One of the most common email topics I receive regarding the Columbus affair is from readers wondering what the orchestra musicians in nearby Cleveland and Cincinnati think about what is transpiring. Unfortunately, I could only respond by saying that beyond personal (and private) communications I’ve had with some of those musicians there has been no official communication. That is, until earlier this week when nearly all of the players from both orchestras signed the following letter…
A Joint Letter from the Musicians of the Cincinnati Symphony Orchestra and The Cleveland Orchestra
May 20, 2008
The musicians of the
Cincinnati Symphony Orchestra and The Cleveland Orchestra are writing
to express our dismay at the decision of the Columbus Symphony
Orchestra management and board of trustees to cease operations on June
1, 2008. This decision can only be attributed to short-sighted
leadership. Thriving orchestras in smaller cities such as Nashville,
Kansas City, Fort Worth and Raleigh/Durham demonstrate the
possibilities for success in stark contrast to the Columbus Symphony
leadership’s lack of vision.
We urge the Columbus community to find the dedication and the
continuing financial support necessary to sustain a vital major
symphony orchestra for the following reasons:
- Columbus is Ohio’s largest city and the capital of Ohio.
The lack of a prominent orchestra there would reflect poorly on the
cultural level of the entire state.
- The highly-educated, creative knowledge worker is the future
of business development in all cities. A symphony orchestra is as much
a part of attracting and retaining these workers as universities,
libraries, museums and other parts of the cultural infrastructure.
- One of the great American cultural accomplishments of the 20th
century was to bring access to top-quality performing arts to cities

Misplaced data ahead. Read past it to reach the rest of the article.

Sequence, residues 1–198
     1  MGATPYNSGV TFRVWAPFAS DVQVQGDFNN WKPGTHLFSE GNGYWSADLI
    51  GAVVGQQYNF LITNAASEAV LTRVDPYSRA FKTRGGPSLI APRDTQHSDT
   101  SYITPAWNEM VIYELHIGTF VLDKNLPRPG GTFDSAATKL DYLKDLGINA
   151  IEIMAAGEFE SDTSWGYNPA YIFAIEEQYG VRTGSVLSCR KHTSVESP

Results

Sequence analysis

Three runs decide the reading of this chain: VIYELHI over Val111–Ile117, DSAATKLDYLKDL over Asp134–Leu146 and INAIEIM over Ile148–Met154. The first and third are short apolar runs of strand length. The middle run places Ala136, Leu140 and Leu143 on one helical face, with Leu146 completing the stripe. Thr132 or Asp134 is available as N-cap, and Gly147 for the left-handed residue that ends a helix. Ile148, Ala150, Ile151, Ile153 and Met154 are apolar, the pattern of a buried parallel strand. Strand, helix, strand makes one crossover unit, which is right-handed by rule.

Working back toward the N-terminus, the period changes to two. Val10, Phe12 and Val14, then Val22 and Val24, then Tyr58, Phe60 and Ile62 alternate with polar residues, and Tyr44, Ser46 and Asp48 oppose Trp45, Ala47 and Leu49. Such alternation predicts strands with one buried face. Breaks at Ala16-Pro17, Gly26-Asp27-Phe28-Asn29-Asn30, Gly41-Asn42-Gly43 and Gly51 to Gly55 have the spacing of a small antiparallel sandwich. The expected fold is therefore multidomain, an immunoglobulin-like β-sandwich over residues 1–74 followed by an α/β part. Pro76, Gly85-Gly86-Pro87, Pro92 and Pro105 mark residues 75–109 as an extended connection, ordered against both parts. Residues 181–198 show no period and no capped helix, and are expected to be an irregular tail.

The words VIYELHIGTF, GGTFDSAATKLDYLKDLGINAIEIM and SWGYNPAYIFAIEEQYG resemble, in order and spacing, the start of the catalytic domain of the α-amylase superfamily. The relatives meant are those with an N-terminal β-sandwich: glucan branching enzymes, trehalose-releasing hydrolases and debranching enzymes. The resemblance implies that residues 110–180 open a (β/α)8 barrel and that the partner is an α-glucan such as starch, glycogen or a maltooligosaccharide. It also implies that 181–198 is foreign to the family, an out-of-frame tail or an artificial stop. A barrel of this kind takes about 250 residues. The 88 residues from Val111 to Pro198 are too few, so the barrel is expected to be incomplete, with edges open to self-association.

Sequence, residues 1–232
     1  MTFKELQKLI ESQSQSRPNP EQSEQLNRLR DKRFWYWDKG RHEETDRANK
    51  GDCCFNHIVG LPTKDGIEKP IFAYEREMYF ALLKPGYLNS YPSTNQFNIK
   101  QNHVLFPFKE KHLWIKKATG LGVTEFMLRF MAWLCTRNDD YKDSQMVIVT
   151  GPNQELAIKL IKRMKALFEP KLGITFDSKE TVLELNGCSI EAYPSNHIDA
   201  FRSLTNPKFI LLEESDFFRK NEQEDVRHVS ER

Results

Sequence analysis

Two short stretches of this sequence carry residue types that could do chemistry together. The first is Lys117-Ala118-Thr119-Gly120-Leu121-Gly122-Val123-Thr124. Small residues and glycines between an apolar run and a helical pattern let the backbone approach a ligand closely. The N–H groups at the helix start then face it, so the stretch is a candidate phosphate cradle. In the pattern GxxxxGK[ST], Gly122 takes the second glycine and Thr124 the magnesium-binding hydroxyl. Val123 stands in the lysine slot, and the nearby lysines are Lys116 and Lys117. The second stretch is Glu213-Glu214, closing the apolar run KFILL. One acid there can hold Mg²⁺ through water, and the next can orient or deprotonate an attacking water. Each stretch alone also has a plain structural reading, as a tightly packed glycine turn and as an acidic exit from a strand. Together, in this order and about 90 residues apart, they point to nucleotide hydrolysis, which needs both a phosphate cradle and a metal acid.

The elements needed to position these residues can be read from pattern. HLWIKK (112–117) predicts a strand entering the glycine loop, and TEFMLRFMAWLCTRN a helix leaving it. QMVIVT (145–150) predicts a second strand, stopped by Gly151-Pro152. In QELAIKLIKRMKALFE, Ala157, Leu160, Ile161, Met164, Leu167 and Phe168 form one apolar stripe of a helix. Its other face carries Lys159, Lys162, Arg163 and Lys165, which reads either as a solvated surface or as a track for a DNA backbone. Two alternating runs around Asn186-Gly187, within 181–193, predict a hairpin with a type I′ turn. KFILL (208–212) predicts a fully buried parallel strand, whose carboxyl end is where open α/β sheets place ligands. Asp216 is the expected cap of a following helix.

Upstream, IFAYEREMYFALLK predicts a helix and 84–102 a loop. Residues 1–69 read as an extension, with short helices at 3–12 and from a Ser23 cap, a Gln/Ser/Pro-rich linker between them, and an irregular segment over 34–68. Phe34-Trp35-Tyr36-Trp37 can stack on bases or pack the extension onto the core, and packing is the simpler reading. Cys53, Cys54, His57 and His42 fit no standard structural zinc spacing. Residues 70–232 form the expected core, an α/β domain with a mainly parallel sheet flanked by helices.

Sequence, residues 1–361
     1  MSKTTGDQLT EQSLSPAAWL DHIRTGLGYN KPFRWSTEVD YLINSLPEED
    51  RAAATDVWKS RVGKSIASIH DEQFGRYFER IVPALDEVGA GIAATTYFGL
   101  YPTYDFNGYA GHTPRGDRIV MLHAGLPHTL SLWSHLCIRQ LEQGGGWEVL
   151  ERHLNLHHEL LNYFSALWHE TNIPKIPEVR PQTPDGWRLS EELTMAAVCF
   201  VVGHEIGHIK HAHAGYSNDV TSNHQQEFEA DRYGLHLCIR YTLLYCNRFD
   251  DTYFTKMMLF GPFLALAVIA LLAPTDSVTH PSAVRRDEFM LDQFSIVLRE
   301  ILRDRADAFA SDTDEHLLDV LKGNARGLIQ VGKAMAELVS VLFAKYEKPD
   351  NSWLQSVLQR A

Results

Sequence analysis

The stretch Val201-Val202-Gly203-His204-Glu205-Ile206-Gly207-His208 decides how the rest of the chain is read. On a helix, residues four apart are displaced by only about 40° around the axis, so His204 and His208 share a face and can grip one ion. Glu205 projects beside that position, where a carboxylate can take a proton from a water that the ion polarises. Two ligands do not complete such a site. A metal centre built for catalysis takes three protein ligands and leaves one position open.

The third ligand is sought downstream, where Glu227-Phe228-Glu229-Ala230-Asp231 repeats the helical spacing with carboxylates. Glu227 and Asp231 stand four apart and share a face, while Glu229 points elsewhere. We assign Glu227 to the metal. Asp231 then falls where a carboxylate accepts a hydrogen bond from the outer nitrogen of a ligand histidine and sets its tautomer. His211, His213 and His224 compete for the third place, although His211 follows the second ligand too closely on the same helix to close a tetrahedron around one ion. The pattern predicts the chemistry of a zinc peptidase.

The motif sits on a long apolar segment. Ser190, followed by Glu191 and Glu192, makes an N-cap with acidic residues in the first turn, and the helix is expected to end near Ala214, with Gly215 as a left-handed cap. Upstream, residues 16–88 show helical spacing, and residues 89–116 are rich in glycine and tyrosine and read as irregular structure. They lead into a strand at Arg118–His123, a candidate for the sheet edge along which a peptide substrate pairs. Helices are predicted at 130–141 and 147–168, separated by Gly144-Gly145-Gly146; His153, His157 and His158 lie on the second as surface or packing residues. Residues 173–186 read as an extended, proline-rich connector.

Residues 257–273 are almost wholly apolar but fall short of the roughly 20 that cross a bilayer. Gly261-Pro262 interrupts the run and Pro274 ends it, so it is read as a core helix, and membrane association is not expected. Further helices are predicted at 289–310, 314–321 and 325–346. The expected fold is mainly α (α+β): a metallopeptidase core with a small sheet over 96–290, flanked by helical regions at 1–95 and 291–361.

across the country. The loss of the Columbus Symphony Orchestra would
represent a setback for the 21st century.
- The Columbus Symphony is the backbone of the Columbus arts
community. Any child who studies music lessons or plays in a youth
orchestra, or anyone who attends opera, ballet or chamber music
performances, has likely encountered Columbus Symphony musicians. These
musicians have dedicated both their professional careers and their
lives to the enrichment of the entire metropolitan area.
- Music is a vital part of our heritage. Whether people know
it from Bugs Bunny cartoons or a symphony subscription, it speaks to
something universal in the human soul.
We call upon the Columbus community to find symphony
leadership that will broaden the orchestra’s ties to the community and
champion its music, rather than use a few other struggling orchestras
as an excuse for under-performing. Ohio’s capital city should set its
goals high and accept nothing less than success.
The Musicians of the Cincinnati Symphony Orchestra and The Cleveland Orchestra
There has been no official response from the Columbus
Symphony Orchestra’s executive board or management to the joint letter
and with less than 96 hours before reaching the executive board’s self
imposed deadline to cease operations, events may unfold fast and
furious or whimper into oblivion. Stay tuned…
For more coverage on how Columbus’ sister cities are following events, stop by Janelle Gelfand’s Cincinnati Enquirer blog, Classical Music and More.